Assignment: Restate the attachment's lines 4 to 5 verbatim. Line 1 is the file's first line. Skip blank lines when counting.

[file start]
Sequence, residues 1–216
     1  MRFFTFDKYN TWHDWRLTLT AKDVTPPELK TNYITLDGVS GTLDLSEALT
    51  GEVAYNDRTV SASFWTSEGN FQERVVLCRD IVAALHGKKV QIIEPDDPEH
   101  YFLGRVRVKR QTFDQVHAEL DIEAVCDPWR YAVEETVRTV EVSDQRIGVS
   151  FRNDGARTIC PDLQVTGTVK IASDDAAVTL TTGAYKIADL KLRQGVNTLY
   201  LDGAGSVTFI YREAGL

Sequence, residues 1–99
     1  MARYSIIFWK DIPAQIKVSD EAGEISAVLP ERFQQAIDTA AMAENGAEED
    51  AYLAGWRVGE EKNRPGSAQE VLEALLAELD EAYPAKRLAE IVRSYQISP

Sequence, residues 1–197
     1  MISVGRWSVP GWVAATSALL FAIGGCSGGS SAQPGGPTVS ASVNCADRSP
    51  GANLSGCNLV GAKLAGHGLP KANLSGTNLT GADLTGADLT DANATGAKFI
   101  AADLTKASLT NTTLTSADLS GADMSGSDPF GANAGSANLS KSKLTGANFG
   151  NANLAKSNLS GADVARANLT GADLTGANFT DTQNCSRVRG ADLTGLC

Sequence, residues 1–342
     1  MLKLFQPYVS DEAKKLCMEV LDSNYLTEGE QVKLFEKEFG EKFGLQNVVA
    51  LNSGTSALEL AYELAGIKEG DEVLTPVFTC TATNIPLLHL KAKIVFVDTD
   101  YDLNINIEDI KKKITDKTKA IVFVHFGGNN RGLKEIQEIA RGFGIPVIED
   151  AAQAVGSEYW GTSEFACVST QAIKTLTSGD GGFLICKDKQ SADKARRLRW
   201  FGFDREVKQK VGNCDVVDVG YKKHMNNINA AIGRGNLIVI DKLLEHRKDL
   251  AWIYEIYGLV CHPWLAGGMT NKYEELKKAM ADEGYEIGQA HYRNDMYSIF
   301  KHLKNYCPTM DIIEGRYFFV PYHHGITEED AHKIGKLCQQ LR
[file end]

   101  YFLGRVRVKR QTFDQVHAEL DIEAVCDPWR YAVEETVRTV EVSDQRIGVS
   151  FRNDGARTIC PDLQVTGTVK IASDDAAVTL TTGAYKIADL KLRQGVNTLY